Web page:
3-way skydiveSo you want to know more about skydiving gear. Great! So do I! I also have spent hours and hours researching gear, so even though I’m not an expert, I can at least hold a reasonable conversation on the topic. I might ask more questions than I have answers, but we can still talk, right?

For now, this post is intended as a catch-all place to talk about gear. Used gear, new gear. Gear you find online, where to find it, what to pay, what not to pay, etc. Some of what I present here will be good advice. Some you’ll disagree with… if you do disagree, please tell me why. I enjoy it when people cause me to change my opinion.

But it’s worth noting that this really is just a collection of my opinions, and if you’re spending time at your local dropzone, you’re going to get a lot of different opinions. Some of them will be based on decades of experience I don’t have… And some of those opinions are coming from your instructors. LISTEN TO YOUR INSTRUCTORS. They know you better than I do, and they have amazing experience and background in the sport.

So while this collection of opinions might be useful, if this is all you’re using, you’ve made a mistake. Don’t do that. Talk to your people.

Click through the following links to learn more:

Anything else you’d like to see? Leave a comment and I’ll see what I can come up with.

If I were counseling a newer jumper with limited funds, I’d probably recommend obtaining gear in the following order.

  1. Digital altimeter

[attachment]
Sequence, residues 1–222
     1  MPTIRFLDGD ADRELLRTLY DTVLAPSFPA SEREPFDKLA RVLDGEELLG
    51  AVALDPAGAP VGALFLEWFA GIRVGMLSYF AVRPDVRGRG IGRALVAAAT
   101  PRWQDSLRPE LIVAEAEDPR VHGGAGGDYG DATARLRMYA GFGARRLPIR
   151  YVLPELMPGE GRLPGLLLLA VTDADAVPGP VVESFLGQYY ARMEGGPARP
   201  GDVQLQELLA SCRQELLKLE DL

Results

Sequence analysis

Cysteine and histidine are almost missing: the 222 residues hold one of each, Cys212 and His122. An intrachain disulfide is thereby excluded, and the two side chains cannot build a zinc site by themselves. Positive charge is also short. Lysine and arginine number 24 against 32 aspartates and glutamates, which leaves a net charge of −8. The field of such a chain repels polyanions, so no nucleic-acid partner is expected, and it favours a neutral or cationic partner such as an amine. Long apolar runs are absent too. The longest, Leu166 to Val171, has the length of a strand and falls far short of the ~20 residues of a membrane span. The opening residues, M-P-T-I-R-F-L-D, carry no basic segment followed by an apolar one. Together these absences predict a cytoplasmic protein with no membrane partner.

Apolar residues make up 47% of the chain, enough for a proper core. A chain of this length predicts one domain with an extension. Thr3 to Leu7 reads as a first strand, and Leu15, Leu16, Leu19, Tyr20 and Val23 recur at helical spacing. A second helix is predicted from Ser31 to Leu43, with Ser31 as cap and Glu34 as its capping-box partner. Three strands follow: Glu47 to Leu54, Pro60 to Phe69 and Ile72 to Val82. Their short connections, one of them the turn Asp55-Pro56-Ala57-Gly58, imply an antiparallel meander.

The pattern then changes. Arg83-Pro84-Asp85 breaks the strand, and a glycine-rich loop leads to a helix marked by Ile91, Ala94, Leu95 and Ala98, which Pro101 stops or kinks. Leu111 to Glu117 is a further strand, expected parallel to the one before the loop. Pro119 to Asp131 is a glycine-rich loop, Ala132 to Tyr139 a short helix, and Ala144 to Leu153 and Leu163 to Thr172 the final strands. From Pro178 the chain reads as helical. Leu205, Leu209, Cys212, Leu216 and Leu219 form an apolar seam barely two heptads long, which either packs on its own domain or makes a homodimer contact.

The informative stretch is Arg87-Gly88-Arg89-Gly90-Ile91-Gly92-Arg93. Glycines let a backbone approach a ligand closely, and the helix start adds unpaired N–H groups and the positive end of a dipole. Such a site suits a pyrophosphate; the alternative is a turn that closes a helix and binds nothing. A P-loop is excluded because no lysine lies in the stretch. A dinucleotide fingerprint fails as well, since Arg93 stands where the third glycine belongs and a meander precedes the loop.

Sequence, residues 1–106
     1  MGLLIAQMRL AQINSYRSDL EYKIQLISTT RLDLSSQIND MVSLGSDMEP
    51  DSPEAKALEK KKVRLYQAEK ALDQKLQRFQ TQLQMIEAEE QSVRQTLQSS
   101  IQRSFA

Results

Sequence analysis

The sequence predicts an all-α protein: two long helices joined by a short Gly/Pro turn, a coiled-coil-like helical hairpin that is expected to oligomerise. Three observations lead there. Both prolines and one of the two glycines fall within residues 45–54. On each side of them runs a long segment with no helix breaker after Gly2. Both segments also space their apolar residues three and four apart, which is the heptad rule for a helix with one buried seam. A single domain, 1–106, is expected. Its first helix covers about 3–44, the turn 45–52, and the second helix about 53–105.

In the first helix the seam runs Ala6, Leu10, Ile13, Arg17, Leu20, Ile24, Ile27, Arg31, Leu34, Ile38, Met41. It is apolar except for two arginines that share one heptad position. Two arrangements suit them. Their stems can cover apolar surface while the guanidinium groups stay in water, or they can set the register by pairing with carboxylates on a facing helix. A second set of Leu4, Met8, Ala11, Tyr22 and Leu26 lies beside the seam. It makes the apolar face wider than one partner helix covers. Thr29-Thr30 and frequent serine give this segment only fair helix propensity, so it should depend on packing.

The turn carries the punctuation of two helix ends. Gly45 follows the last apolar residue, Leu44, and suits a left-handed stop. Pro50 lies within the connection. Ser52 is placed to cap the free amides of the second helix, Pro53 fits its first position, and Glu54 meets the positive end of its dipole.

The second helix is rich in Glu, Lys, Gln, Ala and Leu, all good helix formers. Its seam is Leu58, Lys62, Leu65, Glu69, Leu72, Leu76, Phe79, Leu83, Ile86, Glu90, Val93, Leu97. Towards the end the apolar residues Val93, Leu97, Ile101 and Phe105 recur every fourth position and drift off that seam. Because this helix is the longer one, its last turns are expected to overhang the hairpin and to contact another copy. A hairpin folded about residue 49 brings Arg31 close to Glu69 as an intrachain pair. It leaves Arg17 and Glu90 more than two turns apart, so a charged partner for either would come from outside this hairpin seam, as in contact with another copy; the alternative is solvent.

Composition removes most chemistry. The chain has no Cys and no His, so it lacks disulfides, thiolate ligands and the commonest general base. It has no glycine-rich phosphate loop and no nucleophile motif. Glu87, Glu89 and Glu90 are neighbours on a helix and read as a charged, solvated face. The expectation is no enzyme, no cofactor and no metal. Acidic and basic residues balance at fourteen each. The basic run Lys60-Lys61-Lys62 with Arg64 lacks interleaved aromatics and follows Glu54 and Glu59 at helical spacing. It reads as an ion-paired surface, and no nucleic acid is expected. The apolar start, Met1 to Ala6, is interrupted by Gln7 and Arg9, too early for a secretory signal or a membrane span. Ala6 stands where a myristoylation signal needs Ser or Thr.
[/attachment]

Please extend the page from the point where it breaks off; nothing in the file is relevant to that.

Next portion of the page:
2. Helmet
  3. Discipline specific jump suit
  4. Parachute system
  5. Audible altimeter
  6. Camera

Before I go, an anecdote, and why I encourage newer jumpers to buy their own gear as quickly as they can. The story is mine… I managed to purchase my gear early, and by my 30th jump I was flying my own stuff. I managed to find a reserve canopy from one seller, an AAD from another, and finally a used Sabre2 210 with a Mirage M5 that was sized for someone three inches taller than me… but also much thinner, so when I put the container on, the geometry worked out and it was safe for me to fly it. The best part of that container is it could also safely fly a 190 square foot main canopy, so when the time came for me to downsize, I was able to do it without buying a new container.

The 210 was well sized for me. I was able to take my first canopy course using my own gear. I got to go on more jumps because I had my own gear. I got used to my equipment because I had my own gear. I was never grounded because there wasn’t appropriately sized rental gear for me… because I had my own gear. I spent about $4,200 on that first set of gear. I downsized to a 190 and sold the 210 for almost exactly what I paid for it. By the time I sold the system to a friend, I had put an extra hundred jumps on the container, and about 50 jumps on the 190. The AAD was a year older. The container was a year older. The whole thing depreciated, so my friend Jill got my system for less than I had paid for it. All told, I discounted the system by $500 for her. I think it was a good deal for her, and a good deal for me, too.

That means I paid about $500 to use that system, and got about 100 jumps on it… or $5 a jump. This is so much cheaper than renting. Unless you’re rapidly downsizing (you shouldn’t be), there’s no reason not to buy good used gear. As long as it’s less than ten or fifteen years old, it’s going to hold its value, and you’ll save a ton of money on renting other people’s stuff.

That’s my opinion – do with it what you will! Let me know what you think.

Other resources

Dropzone.com article on buying used gear

I don’t agree with everything Catherine Bernier has to say about buying your first container, but that’s the point, right? Get advice from different people.